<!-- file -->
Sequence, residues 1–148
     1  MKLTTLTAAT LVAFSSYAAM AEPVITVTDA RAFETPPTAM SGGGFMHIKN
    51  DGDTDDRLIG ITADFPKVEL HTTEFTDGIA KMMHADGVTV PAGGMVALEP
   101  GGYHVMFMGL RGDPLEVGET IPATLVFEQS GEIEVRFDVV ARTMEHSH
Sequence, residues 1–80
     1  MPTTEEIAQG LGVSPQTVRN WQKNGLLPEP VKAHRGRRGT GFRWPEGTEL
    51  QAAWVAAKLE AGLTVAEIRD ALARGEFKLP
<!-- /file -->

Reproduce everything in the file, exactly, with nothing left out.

Sequence, residues 1–148
     1  MKLTTLTAAT LVAFSSYAAM AEPVITVTDA RAFETPPTAM SGGGFMHIKN
    51  DGDTDDRLIG ITADFPKVEL HTTEFTDGIA KMMHADGVTV PAGGMVALEP
   101  GGYHVMFMGL RGDPLEVGET IPATLVFEQS GEIEVRFDVV ARTMEHSH
Sequence, residues 1–80
     1  MPTTEEIAQG LGVSPQTVRN WQKNGLLPEP VKAHRGRRGT GFRWPEGTEL
    51  QAAWVAAKLE AGLTVAEIRD ALARGEFKLP